Sitka’s local fish and game advisory committee is speaking out, again, about climate change and its impacts on commercial, sport and subsistence activities.
When the group met on Wednesday (1-20-21), they signed off on a letter to other advisory committees around Alaska urging them to take action. Last November, the group unanimously passed a climate emergency resolution, and in February, they were part of an effort that unsuccessfully petitioned the city assembly to do the same. The city has since formed a task force to address climate change locally.
Member Stacey Wayne who holds the shellfish seat said at the meeting that part of the Sitka Advisory Committee’s job is to advise others on wildlife conservation and use, including matters related to habitat.
“We’re fighting as user groups to have fish to fish, and our seasons are collapsing and our stocks are collapsing, and all of these are related to climate change,” Wayne said. “And so our job is to preserve opportunities to fish and hunt for the community.”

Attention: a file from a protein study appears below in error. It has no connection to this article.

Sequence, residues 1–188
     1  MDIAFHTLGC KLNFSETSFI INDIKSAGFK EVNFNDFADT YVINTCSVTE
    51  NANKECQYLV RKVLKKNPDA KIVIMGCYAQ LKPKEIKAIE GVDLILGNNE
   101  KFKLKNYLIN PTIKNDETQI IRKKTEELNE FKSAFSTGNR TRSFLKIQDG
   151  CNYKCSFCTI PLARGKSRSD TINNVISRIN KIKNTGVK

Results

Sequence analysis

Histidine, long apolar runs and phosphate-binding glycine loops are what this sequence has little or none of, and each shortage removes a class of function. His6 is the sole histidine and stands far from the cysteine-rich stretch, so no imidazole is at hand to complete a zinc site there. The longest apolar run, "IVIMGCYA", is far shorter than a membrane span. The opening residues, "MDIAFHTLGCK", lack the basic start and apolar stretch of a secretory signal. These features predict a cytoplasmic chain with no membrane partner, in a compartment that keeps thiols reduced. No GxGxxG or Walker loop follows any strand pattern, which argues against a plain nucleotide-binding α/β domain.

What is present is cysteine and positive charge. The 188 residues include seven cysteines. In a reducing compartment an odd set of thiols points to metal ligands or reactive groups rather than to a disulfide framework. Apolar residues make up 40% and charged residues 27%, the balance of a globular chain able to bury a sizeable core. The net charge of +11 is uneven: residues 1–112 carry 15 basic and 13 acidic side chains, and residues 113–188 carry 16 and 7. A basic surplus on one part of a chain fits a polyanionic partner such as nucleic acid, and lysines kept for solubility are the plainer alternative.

Support for the letter was almost unanimous, but member Luke Bastian, who holds the guide seat, did have some concerns.
“I think there’s unforeseen consequences there, and I don’t know if it actually gains us anything,” he said.
Wayne and others disagreed, saying that calling on other advisory committees to take action could have a tangible impact.
“Maybe with many voices pressuring local governments to become louder in support of stopping climate change and taking actions at the local level, there can be an impact to help preserve and protect the habitat for the species that we’re supposed to be protecting,” she said.
The committee also signed off on a letter opposing the decision to reverse the Roadless Rule in the Tongass National Forest and filled or renewed positions on the trapping, processing, alternate and sport fishing seats.
Erin McKinstry is a Report for America corps member.